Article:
Trigger Warnings, Social Justice, and Stephen Fry

I pride myself on being (or at least trying to be) a rational, thinking human being. If I have one weakness in this regard it is that I sometimes react to a given circumstance or a given piece of information without fully understanding why I am reacting the way I am. In these instances I seem to make decisions unconsciously and then have to spend valuable time sussing out exactly why I made that particular decision.

It is frequently both confusing and annoying.

It does not help matters that my thought process during these periods isn’t exactly quick. Quite the opposite, in fact. And if I try to rush the process I end up coming out the other side even more confused and annoyed than I was when I started.

Once upon a time I was the night manager for a local recreation center. I used to get in trouble during staff meetings because my immediate supervisors would ask me questions that I wasn’t expecting, and thus did not have a prepared answer. Both the fact that I did not have a prepared answer and the fact that I tend to take a moment to think before I speak caused my supervisors to think poorly of me, and frequently accuse me of having the look of a deer in headlights. Between more than twenty-five years (at the time) of depression and the weight of the constant negative feedback I ended up leaving the job because I decided they weren’t paying me enough for the nonsense I was enduring.

Apparently a manager should be able to speak fluent bullshit at the drop of a hat, and not being able to constitutes some kind of capital offense.

The same appears to be true of commentators such as myself. There are those who regard us as experts, and thus think we should be able to opine at the drop of a hat. Would that it actually worked out that way.

This is why I do not comment on breaking news, and why I refuse to comment on anything until I have had time to think about it.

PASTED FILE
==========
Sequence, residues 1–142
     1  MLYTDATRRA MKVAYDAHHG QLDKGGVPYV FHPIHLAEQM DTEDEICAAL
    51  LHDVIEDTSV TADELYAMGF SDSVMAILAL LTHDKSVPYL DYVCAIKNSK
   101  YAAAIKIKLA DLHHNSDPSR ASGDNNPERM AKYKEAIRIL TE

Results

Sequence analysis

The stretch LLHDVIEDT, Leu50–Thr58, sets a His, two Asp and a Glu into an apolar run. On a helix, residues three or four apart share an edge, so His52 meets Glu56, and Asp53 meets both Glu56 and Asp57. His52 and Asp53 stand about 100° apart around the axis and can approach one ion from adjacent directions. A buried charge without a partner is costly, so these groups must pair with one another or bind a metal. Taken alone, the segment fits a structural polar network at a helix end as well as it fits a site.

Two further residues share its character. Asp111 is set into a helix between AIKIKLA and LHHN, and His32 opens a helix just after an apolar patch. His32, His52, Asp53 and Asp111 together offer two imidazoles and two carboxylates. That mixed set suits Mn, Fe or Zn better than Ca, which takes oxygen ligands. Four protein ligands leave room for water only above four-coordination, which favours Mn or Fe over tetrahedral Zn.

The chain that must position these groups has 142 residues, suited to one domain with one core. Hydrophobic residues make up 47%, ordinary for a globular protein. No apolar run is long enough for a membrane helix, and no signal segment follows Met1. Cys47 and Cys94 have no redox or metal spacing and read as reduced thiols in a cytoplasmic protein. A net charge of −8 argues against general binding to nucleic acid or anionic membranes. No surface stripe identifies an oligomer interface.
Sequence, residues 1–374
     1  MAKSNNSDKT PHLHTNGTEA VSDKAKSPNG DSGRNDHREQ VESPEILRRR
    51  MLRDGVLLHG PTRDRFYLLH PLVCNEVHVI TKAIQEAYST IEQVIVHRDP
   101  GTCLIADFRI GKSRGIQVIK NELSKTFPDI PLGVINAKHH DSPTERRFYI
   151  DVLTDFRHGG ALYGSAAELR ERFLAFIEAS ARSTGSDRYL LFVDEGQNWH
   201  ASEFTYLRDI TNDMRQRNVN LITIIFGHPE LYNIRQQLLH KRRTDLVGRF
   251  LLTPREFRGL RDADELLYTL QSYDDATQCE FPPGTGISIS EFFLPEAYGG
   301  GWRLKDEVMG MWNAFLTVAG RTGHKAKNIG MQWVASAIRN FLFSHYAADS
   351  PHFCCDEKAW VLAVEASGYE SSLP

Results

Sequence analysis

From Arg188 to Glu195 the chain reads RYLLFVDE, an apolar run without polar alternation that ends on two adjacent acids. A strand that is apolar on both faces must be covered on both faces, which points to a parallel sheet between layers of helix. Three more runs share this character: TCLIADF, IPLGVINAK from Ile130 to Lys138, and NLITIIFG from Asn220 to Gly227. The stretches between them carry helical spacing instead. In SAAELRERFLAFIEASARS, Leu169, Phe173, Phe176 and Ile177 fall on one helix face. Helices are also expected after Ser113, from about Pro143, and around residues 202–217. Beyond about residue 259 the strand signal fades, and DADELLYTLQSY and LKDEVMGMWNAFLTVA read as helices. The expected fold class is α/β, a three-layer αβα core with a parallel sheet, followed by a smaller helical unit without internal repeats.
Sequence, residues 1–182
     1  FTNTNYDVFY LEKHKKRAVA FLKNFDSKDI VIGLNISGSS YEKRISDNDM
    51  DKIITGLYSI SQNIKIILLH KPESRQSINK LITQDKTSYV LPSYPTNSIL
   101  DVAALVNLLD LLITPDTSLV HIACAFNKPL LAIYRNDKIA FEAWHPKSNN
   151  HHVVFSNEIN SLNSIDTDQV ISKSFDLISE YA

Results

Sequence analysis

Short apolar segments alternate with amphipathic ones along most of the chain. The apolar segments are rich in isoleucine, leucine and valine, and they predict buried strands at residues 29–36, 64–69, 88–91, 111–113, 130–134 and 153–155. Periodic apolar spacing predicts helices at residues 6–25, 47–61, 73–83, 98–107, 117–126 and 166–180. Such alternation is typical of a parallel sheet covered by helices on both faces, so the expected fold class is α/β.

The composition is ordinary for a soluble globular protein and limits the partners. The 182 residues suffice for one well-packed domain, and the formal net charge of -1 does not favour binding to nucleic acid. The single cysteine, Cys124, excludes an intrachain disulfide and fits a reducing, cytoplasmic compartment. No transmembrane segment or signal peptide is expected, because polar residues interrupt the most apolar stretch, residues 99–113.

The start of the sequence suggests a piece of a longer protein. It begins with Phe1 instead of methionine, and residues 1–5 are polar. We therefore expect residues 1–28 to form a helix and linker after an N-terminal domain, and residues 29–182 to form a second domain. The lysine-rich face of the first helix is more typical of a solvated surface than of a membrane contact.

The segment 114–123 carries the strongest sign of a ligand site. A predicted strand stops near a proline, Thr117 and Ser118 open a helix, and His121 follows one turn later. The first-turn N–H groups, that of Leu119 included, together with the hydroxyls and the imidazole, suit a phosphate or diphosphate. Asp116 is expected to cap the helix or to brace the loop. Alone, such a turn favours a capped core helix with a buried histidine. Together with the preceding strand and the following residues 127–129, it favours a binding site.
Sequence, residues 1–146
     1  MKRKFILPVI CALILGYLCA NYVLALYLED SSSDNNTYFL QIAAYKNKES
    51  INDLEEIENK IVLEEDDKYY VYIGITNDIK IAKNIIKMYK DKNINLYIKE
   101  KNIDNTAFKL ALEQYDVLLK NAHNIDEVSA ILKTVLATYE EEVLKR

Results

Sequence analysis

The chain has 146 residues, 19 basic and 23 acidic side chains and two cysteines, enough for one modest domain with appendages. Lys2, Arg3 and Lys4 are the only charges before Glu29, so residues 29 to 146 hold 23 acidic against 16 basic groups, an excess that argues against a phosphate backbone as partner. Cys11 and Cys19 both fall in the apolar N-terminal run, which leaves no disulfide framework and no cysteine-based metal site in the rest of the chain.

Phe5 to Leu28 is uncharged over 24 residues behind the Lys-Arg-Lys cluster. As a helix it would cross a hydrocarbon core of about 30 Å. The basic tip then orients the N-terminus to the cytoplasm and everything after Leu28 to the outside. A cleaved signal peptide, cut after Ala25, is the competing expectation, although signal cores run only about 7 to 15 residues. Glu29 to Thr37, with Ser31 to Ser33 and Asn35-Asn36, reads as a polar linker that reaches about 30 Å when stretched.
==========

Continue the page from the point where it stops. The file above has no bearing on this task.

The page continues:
I recently came across an interview with Stephen Fry that helped me articulate and settle in my conscious brain some things that I have been bandying about for some time.

I am no fan of social justice warriors. I think that, despite their good intentions, a great many of them have lost their way and have taken to applying their personal standard of socialist equality and fraternity in ways which cause people to forget that they do, in fact, have good intentions. They’re making so much noise that their message simply gets lost and they come across looking like raving lunatics.

The important aspect to this discussion is that I have long been fascinated with the tendency of many social justice advocates to go out of their way to silence any thought or opinion that does not fit neatly into their own little model of how the world should be. These individuals are quick to censor any sort of radical or disagreeable thought, and consider themselves enlightened for having done so. This phenomenon is especially prevalent on college campuses, where politically incorrect speakers are frequently either shouted down or driven off campus completely before they so much as have a chance to speak.

Mr. Fry’s comments during the interview caused me to realize something fundamental that I had been trying to articulate for some time: The social justice advocates who behave this way do so because they have stopped being adults (assuming that they ever were) and have instead regressed to the level of children in a school yard.

Their infantile need for someone else to protect them is so extreme that they look for “trigger warnings” and “safe spaces” to protect them in the event that someone should have the temerity to challenge one of their deeply held beliefs.

Their need for the safety of ideological purity is so extreme that they will go out of their way to censor anything they find even remotely disagreeable, willfully and blissfully ignorant of the impact that restrictions on Freedom of Speech and Freedom of Expression have had on societies all over the world in the past. And yet these same individuals will rally endlessly for the right of specific individuals to exercise their rights to Freedom of Expression with regards to gender expression.

Apparently being able to express your gender as you see fit is a good thing, but being able to speak your mind is dangerous and offensive. Who knew?

It is obvious that the most rabid members of the community of social justice warriors are little more than frightened individuals who desperately want the world to be simple and flat out refuse to accept the idea that life is complicated, life is unfair, and sometimes bad things just happen.

We used to call this burying ones head in the sand.


About mtyzuk

Who is I? I is me. I think. I know there used to be a me. I may have had it surgically removed.
This entry was posted in Adult Discussions, Political Correctness, Rational Thought, Social Justice. Bookmark the permalink.

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